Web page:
# Comments on *Beyond 3d*

## Kenny Liu

The discussion on the development of non-Euclidean geometry reminded me of a book called The Structure of Scientific Revolutions by Thomas Kuhn. In the book he states that scientists work within a given paradigm, or set of rules, and that when puzzles arrive that directly challenge those rules, within a short space of time, a new paradigm is established with new rules that incorporate ways to solve the puzzles while still maintaining consistency with the old data. It seems that this was the case with Gauss, et al. Unsatisfied with the fifth postulate of Euclid, they posited geometries that showed that it was not necessary. By a "simple" realization that two dimensional surfaces did not have to lie flat in space a revolution in mathematics was initiated, all it took was a reevaluation of the underlying framework (assumptions) of geometry at the time.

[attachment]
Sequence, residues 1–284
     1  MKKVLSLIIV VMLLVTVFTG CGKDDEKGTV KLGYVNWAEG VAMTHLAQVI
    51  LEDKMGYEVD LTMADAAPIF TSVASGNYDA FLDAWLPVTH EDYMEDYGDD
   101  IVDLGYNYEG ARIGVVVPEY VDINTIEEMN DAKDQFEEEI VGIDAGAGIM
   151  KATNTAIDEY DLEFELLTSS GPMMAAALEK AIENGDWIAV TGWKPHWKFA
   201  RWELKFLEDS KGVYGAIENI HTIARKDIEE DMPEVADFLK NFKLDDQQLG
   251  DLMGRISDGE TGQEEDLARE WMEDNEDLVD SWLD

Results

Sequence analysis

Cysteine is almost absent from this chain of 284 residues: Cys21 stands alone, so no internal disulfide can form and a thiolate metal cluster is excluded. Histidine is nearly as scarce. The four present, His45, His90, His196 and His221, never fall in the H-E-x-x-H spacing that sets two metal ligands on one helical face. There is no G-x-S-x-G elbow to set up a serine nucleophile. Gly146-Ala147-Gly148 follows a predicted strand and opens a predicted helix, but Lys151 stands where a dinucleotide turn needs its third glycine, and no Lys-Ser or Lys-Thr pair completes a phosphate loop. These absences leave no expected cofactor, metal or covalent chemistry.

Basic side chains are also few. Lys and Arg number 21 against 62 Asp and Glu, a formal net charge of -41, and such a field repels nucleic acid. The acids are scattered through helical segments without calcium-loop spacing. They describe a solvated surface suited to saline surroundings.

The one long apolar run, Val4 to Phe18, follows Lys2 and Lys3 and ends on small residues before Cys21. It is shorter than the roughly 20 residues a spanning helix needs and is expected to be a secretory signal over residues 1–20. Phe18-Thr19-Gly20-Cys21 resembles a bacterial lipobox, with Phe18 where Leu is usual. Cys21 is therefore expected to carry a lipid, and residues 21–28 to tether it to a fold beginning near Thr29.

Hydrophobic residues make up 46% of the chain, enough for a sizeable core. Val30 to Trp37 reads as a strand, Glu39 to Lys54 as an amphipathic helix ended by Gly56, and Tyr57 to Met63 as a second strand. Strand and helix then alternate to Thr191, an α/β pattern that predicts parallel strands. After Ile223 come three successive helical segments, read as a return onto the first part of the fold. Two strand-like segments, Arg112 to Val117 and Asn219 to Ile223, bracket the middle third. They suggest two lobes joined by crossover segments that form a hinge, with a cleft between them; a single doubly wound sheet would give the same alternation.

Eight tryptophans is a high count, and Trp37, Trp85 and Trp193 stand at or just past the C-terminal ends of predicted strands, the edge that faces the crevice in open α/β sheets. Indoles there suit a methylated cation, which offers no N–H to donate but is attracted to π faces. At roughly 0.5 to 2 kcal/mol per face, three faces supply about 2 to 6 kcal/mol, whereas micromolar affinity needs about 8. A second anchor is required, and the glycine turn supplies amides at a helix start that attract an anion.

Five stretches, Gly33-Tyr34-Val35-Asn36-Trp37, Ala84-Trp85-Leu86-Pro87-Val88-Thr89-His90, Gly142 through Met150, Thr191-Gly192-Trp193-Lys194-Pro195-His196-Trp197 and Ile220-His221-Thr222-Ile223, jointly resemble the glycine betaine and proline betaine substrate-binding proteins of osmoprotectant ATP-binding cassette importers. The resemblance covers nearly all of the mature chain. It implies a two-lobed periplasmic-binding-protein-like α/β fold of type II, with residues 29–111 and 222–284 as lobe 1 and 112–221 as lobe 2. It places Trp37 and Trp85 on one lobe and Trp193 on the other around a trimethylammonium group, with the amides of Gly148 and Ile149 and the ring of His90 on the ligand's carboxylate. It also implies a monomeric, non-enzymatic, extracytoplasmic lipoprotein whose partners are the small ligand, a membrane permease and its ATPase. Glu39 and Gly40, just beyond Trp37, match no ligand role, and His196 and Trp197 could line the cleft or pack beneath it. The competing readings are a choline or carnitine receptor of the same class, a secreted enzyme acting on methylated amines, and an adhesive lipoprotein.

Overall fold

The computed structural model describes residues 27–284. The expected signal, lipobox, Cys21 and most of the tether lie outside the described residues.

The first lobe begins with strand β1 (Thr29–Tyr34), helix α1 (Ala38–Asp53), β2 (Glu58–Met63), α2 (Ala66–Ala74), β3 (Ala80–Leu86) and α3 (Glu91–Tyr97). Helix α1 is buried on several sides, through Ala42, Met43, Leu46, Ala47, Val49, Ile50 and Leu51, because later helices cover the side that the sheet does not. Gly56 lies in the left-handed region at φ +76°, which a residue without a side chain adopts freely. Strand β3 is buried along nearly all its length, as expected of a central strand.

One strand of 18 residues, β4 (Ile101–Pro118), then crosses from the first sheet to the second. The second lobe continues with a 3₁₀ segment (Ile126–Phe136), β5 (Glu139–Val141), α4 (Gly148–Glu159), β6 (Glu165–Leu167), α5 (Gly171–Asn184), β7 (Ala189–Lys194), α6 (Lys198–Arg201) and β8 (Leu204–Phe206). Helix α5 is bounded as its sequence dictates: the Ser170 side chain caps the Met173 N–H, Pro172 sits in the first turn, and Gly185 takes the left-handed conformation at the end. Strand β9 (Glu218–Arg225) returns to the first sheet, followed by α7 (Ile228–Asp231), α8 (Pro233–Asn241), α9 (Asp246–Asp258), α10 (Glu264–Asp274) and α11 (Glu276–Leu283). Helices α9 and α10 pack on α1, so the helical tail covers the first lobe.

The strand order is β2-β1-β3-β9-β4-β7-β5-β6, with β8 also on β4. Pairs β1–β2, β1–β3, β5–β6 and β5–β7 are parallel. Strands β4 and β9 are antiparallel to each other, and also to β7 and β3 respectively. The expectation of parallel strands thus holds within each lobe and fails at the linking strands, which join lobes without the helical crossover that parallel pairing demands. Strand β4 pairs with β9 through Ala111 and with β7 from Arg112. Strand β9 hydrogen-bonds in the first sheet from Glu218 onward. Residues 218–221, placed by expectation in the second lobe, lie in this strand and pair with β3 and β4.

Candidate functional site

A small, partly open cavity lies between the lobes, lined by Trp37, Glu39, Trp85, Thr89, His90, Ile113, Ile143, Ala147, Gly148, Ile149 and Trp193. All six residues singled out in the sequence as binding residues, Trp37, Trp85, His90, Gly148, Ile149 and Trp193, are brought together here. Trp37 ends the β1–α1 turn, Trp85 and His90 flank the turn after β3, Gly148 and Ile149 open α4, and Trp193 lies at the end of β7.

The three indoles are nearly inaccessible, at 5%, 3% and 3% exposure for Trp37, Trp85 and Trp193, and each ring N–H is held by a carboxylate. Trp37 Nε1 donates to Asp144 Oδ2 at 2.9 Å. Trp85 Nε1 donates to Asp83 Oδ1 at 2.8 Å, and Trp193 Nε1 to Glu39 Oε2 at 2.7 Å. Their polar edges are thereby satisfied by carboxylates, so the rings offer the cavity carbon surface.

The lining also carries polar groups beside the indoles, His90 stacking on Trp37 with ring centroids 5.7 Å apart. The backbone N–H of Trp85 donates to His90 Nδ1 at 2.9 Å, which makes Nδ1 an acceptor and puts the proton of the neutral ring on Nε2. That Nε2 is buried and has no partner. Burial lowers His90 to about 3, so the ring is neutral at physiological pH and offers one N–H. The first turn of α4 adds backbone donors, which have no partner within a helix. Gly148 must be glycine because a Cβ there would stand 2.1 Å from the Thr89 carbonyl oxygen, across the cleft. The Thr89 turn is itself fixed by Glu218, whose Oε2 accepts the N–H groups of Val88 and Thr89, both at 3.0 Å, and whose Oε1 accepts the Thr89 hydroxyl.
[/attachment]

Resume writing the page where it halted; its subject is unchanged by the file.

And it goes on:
I already thought that it was established that our three-dimensional space doesn't satisfy Euclidean geometry by the mere fact that light rays curve as they pass massive objects. Wouldn't a triangle in a black hole have angles that sum to something other than 180 degrees, thus proving that space is curved? Obviously this hasn't been done, but it sounds right.

This is kind of off the wall but I was wondering if there were any documented histories of anyone who suddenly woke up and thought that he was backwards, in a mental institution or otherwise. Little kids sometimes insist that their right hands are actually their left hands, maybe before a certain age kids have the ability to journey to the fourth dimension. Just kidding, I don't really believe that. Also, I read in the acknowledgements that you had a theory relating the fourth dimension and the Trinity. I've had my theories, what are yours?

Prof. Banchoff's response